RICS noticed that property managers and letting agents, who provide accounts information to clients but don’t necessarily ever handle any of the client’s money, looked set to be caught as part of the Regulated Sector under the 2007 Money Laundering Regulations. As is often the case, this was an unintended consequence of EU legislation.
RICS analysis of the new UK anti-money laundering regime suggested that, along with a whole host of other professions, property managers and letting agents who provide financial information to clients would be subject to the full panoply of money laundering rules designed for the financial and legal sectors: ID checks, training and record keeping. Most significantly they would need to register and pay for government supervision.
Drawing on its expertise and commitment to "better regulation", RICS has been involved in lengthy discussions with HM Treasury and has been able negotiate a reprise for property managers and letting agents, who would otherwise had to have paid for this unnecessary level of regulation. All businesses should be vigilant, of course, and RICS does recommend property firms to adopt voluntary procedures to identify and prevent money laundering.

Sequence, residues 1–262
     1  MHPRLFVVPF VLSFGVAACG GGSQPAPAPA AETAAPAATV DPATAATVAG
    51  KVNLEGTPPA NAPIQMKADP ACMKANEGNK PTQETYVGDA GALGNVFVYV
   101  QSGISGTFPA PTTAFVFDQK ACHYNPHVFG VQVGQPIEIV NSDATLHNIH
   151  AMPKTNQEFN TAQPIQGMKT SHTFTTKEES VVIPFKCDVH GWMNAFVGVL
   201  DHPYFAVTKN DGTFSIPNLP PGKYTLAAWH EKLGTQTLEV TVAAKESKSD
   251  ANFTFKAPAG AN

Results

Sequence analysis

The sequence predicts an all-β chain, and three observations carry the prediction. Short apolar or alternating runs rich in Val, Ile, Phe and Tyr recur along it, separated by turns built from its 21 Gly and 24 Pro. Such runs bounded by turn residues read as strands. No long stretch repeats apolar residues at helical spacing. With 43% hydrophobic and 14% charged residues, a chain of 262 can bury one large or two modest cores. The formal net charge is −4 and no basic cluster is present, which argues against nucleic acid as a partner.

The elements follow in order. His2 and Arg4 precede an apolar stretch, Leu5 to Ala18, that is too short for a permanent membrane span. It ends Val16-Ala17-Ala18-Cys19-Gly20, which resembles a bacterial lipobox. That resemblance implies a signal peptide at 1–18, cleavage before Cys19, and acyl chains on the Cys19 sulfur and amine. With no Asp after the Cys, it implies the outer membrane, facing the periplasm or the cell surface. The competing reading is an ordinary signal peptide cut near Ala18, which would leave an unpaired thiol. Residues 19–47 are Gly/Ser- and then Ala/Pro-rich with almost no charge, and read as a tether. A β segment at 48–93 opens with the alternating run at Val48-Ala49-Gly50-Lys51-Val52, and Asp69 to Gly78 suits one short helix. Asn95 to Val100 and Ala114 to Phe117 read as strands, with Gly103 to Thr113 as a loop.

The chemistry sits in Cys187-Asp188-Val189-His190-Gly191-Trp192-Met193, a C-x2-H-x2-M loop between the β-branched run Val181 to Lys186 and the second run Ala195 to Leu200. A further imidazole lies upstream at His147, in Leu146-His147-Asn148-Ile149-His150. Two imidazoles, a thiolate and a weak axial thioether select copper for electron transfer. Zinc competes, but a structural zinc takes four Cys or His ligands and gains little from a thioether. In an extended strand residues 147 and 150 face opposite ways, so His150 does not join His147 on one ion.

RICS Director of Regulation Steven Gould said: "RICS is keen to see the residential market regulated properly, but it is also vigilant against over-regulation. Thankfully on this occasion the Government has been clear sighted and recognises that, applied in the way proposed, the 2007 Money Laundering Regulations would have seen many professionals having to unnecessarily register, and pay for a system that has very little relevance to their day-to-day work."
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